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East New York

The Worlds Oldest Subway Tunnel : Atlantic Avenue

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BHRA - The Atlantic Avenue Tunnel is officially the world's oldest subway tunnel. This tunnel was built in 1844 beneath a busy street in the City of Brooklyn (Brooklyn did not become part of NYC until a half-century later). The Atlantic Avenue Tunnel is a half-mile long and accommodated two standard gauge railroad tracks.

 

Tunnel_Aug_5_2007_MG_9432.jpg

Photo Courtesy BHRA

 

http://www.brooklynrail.net/proj_aatunnel.html

 

:cool:

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Interesting.

 

Though I wouldn't strictly call it a subway tunnel if it was intended for the LIRR. What's the first tunnel specifically designed for Intracity Metro Transit?

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Interesting.

 

Though I wouldn't strictly call it a subway tunnel if it was intended for the LIRR. What's the first tunnel specifically designed for Intracity Metro Transit?

 

1863: Metropolitan Railway opened from Paddington to Farringdom, cut-and-cover, part of the Hammersmith & City and Circle Lines.

 

1890: City & South London Railway opened from Stockwell to King William Street, the first rapid transit line built with third rail, deep-tube line, now part of the Northern Line.

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Interesting.

 

Though I wouldn't strictly call it a subway tunnel if it was intended for the LIRR. What's the first tunnel specifically designed for Intracity Metro Transit?

 

You're reading into this too much. There is nothing to analyze. The definition of subway is an underground railroad.

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You're reading into this too much. There is nothing to analyze. The definition of subway is an underground railroad.

 

Then why are the els in Bronx, Brooklyn, etc. considered part of the subway, but the Metro-North in Manhattan is not?

 

It could be that we think of the word "subway" the way we do just because we're most familiar with New York, but personally I've always defined subway as preferably underground but definitely rapid transit, which LIRR is/was not.

 

But this probably is the oldest underground railroad, so it's still really cool.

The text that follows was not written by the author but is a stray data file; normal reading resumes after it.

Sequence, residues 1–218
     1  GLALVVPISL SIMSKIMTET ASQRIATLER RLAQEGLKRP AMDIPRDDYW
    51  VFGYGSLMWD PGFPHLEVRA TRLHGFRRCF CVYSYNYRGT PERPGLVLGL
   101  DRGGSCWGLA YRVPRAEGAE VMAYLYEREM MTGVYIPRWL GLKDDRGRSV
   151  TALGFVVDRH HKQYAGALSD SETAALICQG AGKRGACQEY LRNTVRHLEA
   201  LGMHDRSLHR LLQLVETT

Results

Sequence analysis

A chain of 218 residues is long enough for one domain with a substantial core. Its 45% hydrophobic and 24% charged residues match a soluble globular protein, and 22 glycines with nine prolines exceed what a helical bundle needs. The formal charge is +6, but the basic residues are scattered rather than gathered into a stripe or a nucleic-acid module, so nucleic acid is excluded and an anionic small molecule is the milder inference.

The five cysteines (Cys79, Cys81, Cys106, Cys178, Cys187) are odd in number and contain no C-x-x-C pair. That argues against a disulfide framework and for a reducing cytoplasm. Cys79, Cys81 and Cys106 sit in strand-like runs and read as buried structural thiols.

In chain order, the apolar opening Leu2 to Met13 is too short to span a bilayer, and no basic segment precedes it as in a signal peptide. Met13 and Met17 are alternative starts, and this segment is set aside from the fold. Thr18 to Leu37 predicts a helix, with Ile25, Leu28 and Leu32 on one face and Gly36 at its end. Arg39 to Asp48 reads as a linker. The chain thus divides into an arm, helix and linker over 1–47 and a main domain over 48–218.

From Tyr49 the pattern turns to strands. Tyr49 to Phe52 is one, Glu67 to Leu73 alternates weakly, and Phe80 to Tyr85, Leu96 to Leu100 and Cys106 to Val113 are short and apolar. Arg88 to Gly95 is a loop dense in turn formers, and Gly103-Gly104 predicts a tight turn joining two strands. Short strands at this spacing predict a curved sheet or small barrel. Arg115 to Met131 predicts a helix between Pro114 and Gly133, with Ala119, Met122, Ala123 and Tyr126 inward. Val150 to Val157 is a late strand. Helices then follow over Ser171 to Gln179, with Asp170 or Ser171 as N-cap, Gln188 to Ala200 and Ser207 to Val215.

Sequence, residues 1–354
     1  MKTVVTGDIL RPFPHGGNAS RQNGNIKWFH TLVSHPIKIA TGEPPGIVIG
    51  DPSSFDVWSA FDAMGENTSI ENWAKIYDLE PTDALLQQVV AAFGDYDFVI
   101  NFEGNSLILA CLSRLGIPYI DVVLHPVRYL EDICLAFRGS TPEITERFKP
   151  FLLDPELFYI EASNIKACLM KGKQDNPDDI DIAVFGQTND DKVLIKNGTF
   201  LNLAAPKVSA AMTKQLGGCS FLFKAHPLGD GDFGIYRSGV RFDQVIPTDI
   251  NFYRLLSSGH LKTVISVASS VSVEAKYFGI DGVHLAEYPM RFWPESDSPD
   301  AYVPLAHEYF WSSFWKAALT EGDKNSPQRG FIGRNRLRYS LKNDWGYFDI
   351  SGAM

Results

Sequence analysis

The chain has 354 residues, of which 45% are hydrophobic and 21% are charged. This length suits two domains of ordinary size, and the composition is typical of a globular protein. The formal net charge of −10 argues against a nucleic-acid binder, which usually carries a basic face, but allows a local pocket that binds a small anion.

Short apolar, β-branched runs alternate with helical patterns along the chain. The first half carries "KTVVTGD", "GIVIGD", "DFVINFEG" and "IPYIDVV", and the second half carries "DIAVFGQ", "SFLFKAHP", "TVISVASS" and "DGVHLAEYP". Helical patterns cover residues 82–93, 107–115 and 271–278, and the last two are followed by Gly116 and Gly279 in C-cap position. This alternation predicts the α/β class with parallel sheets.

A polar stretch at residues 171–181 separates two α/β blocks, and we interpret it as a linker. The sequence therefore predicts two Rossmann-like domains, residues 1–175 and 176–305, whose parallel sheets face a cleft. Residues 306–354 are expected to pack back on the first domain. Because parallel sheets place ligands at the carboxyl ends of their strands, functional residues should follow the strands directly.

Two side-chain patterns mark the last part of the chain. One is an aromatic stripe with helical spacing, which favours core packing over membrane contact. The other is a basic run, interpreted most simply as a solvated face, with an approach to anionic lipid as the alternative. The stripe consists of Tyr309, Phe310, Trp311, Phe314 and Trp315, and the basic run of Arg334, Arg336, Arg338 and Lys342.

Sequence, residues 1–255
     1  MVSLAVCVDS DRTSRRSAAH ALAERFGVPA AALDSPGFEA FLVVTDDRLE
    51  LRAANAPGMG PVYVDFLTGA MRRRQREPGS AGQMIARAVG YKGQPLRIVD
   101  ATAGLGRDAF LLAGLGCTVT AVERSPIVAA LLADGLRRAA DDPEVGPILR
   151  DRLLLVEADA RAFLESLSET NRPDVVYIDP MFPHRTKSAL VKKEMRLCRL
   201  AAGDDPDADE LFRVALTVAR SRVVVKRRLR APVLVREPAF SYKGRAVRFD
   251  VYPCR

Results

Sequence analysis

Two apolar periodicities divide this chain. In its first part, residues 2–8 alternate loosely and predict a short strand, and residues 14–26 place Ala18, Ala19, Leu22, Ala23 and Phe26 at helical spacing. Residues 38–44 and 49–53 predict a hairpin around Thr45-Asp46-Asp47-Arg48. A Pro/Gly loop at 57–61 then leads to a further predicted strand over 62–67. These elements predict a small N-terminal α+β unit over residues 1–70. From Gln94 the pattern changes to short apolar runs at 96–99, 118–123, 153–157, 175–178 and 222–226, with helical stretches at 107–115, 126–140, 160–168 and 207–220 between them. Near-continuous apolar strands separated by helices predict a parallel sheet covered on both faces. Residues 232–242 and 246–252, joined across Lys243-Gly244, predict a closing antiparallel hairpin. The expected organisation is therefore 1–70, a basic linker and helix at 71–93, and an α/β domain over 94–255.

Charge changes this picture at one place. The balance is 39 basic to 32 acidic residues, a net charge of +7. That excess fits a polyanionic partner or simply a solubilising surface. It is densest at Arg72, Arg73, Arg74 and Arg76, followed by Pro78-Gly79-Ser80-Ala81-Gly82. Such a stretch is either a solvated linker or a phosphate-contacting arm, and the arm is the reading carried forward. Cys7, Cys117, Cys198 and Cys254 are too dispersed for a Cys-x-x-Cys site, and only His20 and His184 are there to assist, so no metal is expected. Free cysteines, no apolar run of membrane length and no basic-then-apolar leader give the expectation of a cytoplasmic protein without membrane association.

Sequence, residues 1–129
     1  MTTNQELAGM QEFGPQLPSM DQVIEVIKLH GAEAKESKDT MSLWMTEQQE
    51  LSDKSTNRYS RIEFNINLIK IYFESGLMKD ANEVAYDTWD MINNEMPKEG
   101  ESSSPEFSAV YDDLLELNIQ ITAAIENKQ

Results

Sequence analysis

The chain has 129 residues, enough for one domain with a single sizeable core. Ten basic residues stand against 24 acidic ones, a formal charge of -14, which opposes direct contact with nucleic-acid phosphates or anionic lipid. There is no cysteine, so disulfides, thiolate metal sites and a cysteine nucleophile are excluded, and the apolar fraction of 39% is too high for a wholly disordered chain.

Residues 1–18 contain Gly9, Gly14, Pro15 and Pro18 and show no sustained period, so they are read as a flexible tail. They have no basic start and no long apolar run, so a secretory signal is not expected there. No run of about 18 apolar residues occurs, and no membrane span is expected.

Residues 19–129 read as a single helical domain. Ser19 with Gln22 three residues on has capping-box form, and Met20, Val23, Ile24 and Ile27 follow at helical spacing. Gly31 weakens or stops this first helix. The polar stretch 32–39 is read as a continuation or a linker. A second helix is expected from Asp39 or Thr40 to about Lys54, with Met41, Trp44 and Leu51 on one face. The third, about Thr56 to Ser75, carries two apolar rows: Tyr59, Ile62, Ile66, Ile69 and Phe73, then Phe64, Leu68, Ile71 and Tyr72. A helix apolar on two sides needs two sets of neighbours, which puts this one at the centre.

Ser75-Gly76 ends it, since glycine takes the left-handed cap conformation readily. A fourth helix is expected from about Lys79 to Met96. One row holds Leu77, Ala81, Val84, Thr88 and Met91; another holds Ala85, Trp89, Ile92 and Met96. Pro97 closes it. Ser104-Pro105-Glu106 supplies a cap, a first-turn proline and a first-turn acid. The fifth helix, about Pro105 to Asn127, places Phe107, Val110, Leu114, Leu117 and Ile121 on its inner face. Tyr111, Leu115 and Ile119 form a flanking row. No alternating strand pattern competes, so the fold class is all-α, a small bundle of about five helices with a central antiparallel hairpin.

Edit: Actually, probably not. And it may not have even been the first in New York City, I've found at least one source that says parts of the Park Avenue Tunnel (the aforementioned Metro-North) were built as early as 1834 and 1837.

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Then why are the els in Bronx, Brooklyn, etc. considered part of the subway, but the Metro-North in Manhattan is not?

 

It could be that we think of the word "subway" the way we do just because we're most familiar with New York, but personally I've always defined subway as preferably underground but definitely rapid transit, which LIRR is/was not.

 

But this probably is the oldest underground railroad, so it's still really cool.

 

Edit: Actually, probably not. And it may not have even been the first in New York City, I've found at least one source that says parts of the Park Avenue Tunnel (the aforementioned Metro-North) were built as early as 1834 and 1837.

 

The first planned subway was however is supposedly LIRR Atlantic Avenue. It is officially recognized by the state and city of New York, as well as the U.S. Government as the world's oldest underground railroad, aka subway.

 

It is my understanding that the Atlantic Tunnel was the first on record to be built for trains.

 

And yes the El's are part of the NYC Subway system, but they are not actually subways unless they travel under ground.

 

Subway literally means underground passage way, but is most commonly referred to as what we know it to be today.

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If I am correct this wasn't originally constructed to be a tunnel. It was a cut into the ground like the Sea Beach Line, but they later on covered the cut when residents complained about the smoke and the noise that came out of there.

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It is my understanding that the Atlantic Tunnel was the first on record to be built for trains.

 

The 1834 date I found was for the "Murray Hill Tunnel" which is now the current vehicular tunnel between 33rd and 40th Streets (but was originally for trains). However, that was originally built as an open cut as Roadcruiser describes, and was not "tunnelized" until the 1850s. The 1837 date is for the "Yorkville Tunnel", but I'm having trouble finding anything else explaining exactly which section this refers to, or how it was constructed.

 

However, there were two other rail tunnels built in the United States in 1837, one in Connecticut and one in Pennsylvania, both of which are still in use today.

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